So, what to do instead? Prepare an interesting story, set it up beforehand in your application, take lots of screenshots and paste them in the right order in your presentation. Zoom in to those aspects of the screen that are interesting, crop out those window bars, ads or anything that you do not need. Circle what people should be looking at. Put big bold explanation text boxes on the slides.

Now you have a demo that will not go wrong, is high–paced, readable, and shows exactly the things you want the audience to see. Still it might be useful to bring your application along. However, the purpose is not to showcase it in a demo, but rather to point at it and say: “Look here it is, we have product that you can touch.”

If people in the meeting want to find out more, set up second, longer meeting just to play around with the demo — after your 20 minute pitch has been delivered flawlessly. Not everyone in the audience will have an engineering degree, or will be able to understand the ins and outs of your product.

Still you should be able to explain the basic idea behind even the most complicated technology to a reasonably intelligent audience. Telling them “you won’t probably understand” is a huge offense to the audience. And remember, Einstein said that if you cannot explain something to a 6-year-old, you probably do not understand it yourself.

About The Author:

Jan Schultink is a presentation designer with a decade of experience as a strategy consultant with McKinsey & Company. His company, Idea Transplant, is a presentation design firm that creates conference, sales, and investor presentations.

13 Ways to Communicate Effectively by Telling Good Anecdotes

By Dianna Booher

Stories grab attention the way no other technique can. Your anecdote may be serious, sad, humorous, enlightening, or inspiring. It may serve as proof that a situation exists in your organization, an example of what excellent organizations do to lead the industry, the epitome of innovation, a thought-provoking “war story” from one of your front-line employees, or merely a momentary inspiration.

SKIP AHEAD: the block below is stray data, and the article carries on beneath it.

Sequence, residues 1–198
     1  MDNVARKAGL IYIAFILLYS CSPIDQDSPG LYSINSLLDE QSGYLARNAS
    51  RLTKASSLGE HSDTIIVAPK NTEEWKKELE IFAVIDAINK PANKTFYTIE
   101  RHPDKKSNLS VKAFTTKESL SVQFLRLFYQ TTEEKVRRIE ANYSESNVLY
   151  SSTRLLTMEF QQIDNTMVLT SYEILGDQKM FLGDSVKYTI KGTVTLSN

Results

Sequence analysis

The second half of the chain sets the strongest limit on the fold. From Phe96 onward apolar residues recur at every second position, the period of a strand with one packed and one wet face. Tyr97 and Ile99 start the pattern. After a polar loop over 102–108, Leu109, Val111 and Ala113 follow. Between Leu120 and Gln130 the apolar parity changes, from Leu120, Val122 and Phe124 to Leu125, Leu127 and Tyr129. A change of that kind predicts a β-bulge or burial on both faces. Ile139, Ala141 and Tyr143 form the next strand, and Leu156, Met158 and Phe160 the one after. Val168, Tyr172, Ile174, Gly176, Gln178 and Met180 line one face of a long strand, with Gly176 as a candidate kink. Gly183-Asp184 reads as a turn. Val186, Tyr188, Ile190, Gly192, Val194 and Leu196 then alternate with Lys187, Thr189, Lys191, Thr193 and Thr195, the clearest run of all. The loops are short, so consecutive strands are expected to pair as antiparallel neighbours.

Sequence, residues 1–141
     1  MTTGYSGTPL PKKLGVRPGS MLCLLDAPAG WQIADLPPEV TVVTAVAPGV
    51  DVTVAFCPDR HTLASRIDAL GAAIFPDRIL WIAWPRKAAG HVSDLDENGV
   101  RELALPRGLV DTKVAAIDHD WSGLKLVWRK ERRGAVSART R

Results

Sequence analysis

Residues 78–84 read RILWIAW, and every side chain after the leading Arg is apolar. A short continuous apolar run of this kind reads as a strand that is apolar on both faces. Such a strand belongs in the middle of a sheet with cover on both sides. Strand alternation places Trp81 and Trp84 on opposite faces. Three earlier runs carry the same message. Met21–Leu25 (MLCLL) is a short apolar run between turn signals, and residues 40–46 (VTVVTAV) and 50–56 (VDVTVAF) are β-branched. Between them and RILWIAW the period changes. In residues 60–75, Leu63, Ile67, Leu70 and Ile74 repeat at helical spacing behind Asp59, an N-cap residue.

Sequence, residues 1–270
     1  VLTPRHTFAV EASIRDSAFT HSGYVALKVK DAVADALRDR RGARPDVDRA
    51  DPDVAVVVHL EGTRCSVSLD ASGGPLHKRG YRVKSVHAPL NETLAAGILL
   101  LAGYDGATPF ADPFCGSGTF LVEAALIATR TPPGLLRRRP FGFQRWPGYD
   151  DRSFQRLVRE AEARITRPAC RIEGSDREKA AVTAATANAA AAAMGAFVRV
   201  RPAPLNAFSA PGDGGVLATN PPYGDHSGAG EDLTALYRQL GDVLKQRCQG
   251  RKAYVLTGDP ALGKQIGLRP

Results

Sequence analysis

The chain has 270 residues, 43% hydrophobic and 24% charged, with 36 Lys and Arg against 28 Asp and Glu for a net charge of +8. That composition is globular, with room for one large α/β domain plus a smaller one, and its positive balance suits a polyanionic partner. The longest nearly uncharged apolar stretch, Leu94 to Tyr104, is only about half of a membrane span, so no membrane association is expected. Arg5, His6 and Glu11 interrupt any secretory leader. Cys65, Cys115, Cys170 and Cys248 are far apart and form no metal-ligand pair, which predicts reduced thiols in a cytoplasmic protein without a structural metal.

Even with a serious point, humor generally helps. Your purpose is not to bring down the house with wildly funny stories; the audience does not expect Jay Leno or David Letterman. Humor, however, anchors key points and makes your message memorable.

Slanting your story to your audience—their point of view and their mood—adds to the impact. When done well, a humorous story adds an element of class and distinction. Stories pack power.

Know Your Reason for Using a Story

To illustrate a point, to entertain, or to build common ground with your audience––identifying your purpose will make your selection much easier. You also will understand the length of time you should devote to telling it and the effort that should go into telling it well. Never use a $100 story in a three-minute time slot to make a nickel point.

Set Up the Anecdote in an Intriguing Way

Not: “Let me tell you about a manager in our Miami office.” But: “Managers sometimes exhibit their greatest leadership skills when they make a mistake. This was the case in our Miami office last quarter when . . .”

Choose Relevant, Appropriate Details

It is tempting to talk while you think. Don’t. Either work out your story by talking it aloud until you perfect it, or write the story and then edit out the garbage. Ask yourself with each word, phrase, and sentence: Does it add to the mood? Does it create the scene? Is this detail necessary to move the story forward and make the point? Weed out trivial details that detract or add only length.

Prefer Scene to Narrative

Recreate the movie scene, add the dialogue, and step into the story as a character, if necessary, to breathe life into the telling.

Not this narrative: “I had a terrible experience the last time I visited my doctor’s office. The receptionist was surly and kept scolding me and other patients for “noise” as if we were children. Customer service certainly isn’t what it used to be.”

But this scene: “I’m not one easily persuaded to see a doctor. And I get particularly upset about the lack of customer service in most medical offices. But last fall when my fever reached 103 degrees, I finally stagger into my internist’s office, dehydrated, dizzy, and green from lunch. And the receptionist pushes a clipboard toward me and growls, ‘You’ll need to complete this.’ So I’m sitting there with all the paperwork piled in my lap, scrawling in the blanks: Name, rank, serial number, referring physician, address of hairdresser, IQ. And the clipboard breaks and shoots the spring in the handle across the room into the water cooler with a loud zing.